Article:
Anyone who is still typing in passwords to sites needs a wake up call. Key loggers are rampant now and hardware based key loggers that go between a keyboard and the usb port can be had for under $20. If not using a password manager people should at least use a onscreen keyboard that works via mouse clicks and not the keyboard itself.
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Old 11-24-2010, 06:22 PM   #16
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THIS WILL BE LONG BUT INFORMATIVE

I've used sandboxie, I've used Virtualbox etc. etc. as a computer programmer and a security consultant I can tell you a little bit about these areas lol.

Malware unfortunately can do anything within it's environment that software can, only in a malicious fashion. Computers only do what they are PROGRAMMED and told to do, nothing more, nothing less; there is no magic with computers.

That being said if you are using a virtual machine I think that is a very viable way to protect yourself while visiting unfamiliar sites etc. I have used a virtualbox FOR MALWARE ANALYSIS which is a little hobby of mine.

We run the malware within a vitrtual environment and if you are doing behavioral analysis you can see what registry keys are being changed, files created, internet connections being made etc. you can also sometimes decompile the malware to try and do code analysis.

Most malware is written in Languages like c++ but once compiled they turn to binary 1'2 and 0's 00001100 just like anything else, and some malware writers will deliberately screw with the code to make it deliberatly HARD TO UNDERSTAND or decompile.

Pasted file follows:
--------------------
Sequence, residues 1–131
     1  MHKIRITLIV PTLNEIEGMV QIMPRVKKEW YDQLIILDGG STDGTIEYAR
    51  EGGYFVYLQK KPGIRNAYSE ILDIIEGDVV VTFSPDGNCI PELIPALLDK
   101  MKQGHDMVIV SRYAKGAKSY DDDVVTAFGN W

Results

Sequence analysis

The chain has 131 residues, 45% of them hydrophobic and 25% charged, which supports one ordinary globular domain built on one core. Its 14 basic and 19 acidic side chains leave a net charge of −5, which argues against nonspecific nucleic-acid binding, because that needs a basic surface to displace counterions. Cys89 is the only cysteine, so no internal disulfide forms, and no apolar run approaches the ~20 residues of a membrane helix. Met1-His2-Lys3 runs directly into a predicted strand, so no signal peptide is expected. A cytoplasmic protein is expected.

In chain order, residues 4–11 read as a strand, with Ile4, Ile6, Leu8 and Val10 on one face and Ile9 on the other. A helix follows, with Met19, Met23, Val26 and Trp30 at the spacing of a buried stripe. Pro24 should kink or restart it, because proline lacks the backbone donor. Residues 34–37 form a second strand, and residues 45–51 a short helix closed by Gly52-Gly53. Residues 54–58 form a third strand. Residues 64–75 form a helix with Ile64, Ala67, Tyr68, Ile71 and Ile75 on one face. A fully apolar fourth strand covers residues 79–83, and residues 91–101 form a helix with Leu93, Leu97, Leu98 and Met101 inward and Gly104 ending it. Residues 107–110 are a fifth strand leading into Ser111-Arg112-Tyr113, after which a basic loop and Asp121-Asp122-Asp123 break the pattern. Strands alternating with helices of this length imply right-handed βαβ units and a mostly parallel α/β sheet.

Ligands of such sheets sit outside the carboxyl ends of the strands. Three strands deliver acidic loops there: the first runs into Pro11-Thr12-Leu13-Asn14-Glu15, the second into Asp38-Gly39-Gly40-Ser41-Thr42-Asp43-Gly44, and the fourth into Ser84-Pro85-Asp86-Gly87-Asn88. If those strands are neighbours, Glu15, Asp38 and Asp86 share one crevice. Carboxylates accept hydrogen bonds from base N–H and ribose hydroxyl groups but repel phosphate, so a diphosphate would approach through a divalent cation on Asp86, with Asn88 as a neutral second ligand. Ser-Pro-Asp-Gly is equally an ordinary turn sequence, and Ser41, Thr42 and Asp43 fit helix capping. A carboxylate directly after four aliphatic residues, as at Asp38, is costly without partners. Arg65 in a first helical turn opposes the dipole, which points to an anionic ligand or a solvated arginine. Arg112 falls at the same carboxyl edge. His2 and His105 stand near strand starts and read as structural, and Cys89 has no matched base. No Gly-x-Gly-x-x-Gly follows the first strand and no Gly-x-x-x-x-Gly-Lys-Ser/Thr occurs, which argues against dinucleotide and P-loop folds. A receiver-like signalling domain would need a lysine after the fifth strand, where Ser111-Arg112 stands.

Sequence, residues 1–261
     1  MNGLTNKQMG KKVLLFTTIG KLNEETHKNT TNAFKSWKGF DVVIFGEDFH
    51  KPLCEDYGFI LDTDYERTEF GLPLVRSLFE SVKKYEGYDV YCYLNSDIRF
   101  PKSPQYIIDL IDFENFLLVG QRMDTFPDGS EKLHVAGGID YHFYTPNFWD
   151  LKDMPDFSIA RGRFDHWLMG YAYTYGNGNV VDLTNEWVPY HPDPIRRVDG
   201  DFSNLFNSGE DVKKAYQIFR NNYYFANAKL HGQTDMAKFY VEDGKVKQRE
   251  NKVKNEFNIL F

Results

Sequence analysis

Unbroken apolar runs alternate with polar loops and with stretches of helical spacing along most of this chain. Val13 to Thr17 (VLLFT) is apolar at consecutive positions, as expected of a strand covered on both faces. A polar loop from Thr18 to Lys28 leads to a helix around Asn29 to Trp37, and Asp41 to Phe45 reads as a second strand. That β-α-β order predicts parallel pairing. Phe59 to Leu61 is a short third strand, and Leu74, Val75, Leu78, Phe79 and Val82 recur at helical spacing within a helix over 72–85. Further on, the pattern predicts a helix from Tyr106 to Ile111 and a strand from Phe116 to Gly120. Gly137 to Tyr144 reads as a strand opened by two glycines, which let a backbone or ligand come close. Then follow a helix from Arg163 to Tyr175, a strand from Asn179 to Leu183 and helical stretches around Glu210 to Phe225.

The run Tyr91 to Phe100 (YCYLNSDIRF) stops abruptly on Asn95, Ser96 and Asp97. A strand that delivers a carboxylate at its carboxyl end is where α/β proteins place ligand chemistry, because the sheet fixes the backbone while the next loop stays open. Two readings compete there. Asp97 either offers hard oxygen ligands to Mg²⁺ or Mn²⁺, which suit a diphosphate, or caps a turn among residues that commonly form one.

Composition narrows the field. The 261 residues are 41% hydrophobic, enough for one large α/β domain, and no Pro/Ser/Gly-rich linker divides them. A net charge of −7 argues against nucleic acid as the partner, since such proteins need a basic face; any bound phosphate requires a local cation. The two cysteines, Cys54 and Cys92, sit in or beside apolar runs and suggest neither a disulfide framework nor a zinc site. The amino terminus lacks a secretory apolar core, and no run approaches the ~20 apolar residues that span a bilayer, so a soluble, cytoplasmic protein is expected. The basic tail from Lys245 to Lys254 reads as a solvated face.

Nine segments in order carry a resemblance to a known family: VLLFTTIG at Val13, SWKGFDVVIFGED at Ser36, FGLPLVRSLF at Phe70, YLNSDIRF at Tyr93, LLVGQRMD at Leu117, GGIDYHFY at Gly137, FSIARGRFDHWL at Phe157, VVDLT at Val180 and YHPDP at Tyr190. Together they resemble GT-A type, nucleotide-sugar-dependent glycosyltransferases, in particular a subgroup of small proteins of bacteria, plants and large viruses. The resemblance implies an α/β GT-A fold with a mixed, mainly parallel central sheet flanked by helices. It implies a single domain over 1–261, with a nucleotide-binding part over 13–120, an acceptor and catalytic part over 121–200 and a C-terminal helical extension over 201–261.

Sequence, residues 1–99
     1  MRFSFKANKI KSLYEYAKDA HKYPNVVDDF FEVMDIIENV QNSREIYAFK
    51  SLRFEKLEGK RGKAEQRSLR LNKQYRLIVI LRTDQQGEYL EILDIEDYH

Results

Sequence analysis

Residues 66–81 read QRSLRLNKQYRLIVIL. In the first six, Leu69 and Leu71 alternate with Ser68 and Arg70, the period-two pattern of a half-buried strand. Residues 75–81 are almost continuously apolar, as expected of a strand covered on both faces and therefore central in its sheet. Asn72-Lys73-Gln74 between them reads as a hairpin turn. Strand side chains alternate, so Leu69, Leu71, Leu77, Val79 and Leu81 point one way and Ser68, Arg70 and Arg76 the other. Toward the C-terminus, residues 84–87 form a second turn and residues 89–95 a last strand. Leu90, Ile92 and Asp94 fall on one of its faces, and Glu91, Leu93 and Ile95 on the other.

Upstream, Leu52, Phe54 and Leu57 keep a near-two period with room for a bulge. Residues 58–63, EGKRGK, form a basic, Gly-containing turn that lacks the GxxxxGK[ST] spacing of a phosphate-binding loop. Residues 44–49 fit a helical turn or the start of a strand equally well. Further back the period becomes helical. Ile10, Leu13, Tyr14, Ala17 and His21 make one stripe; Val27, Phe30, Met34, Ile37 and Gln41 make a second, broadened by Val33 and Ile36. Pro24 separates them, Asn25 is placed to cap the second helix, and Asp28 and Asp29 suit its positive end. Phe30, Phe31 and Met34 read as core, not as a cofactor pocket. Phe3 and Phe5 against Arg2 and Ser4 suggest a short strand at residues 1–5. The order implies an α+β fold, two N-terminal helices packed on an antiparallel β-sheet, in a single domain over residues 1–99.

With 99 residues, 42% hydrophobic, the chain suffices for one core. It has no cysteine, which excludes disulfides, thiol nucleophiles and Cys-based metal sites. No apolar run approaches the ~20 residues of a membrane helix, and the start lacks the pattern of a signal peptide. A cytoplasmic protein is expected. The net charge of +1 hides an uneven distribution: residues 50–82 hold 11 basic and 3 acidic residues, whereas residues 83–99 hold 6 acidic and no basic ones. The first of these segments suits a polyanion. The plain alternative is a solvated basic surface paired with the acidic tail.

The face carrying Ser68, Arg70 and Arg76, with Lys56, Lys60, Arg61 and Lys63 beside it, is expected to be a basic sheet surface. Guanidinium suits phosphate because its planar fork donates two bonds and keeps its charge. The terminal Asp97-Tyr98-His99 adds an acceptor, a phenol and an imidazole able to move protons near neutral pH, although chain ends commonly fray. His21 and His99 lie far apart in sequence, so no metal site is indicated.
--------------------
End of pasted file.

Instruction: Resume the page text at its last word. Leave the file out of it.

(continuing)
In any case the malware creator would have had to have taken the virtualbox into consideration, and somehow would have to exploit that (I have yet to see this ACTUALLY happen after even deliberately downloading and running malware on a windows VM).

I'm sure it has happened, it's just very rare; thinking like a criminal and virus writer, why would they do this? Some hackers hack for information, but I'd say 90% of hackers now and 90% of malware is used to try and get $$$$. Surprise, surprise, this means if I was writing a hacking tool, virus etc. I'd want to infect the highest numbers of people I could using probability whilst not wasting my time on the what if's. This means the for small number of people using the "what if's", I"d be out of luck with, but why would I care?. Think about it most people don't even know what a Virtualbox or Sandbox is. IF I can't hack the person using a Virtulbox I will simply move on to the other 9 out of ten poor old ladies who don't know crap about computers and have their CC numbers in a text file waiting for me.

If I were hacking people using malware I'd

1.Choose windows since it still has well over 80% of the market; you have the greatest chance of infecting someone.

2. 90% of computer users probably aren't using sandboxes or virtual machines so why bother? You can't get them all, but that's not the point the point is getting a good chunk of people hacked so as to steal their information.




This all being said DON'T FEEL TOO COMFORTABLE YET USING A VIRTUAL MACHINE/SANDBOX!!!!

I frequently like to check a site called malwaredomainslist dot com, to see what projects and tools the best Internets criminals are up too next.

This site is used for people whom run into malware online can then post a link to where it is. Don't get me wrong there are some brilliant computer programmers/hackers out there. In fact I'd be willing some of the smartest criminals and people in the world are right here using the internet to do their bidding's on dumb people .

To give you an idea Ken Jennings from Jeopardy was a software engineer, and half the people I see on that show are. These people aren't stupid. IF one of them turns to the dark side so to speak, they will find a way into "Averagely protected computers". You don't have to worry, they will always figure out a way around all of it, since they are just as smart as the users making the protections like sandboxie, IF NOT SMARTER. There's no system someone can think of that you can't think of a way around it, this has been shown historically time and time again.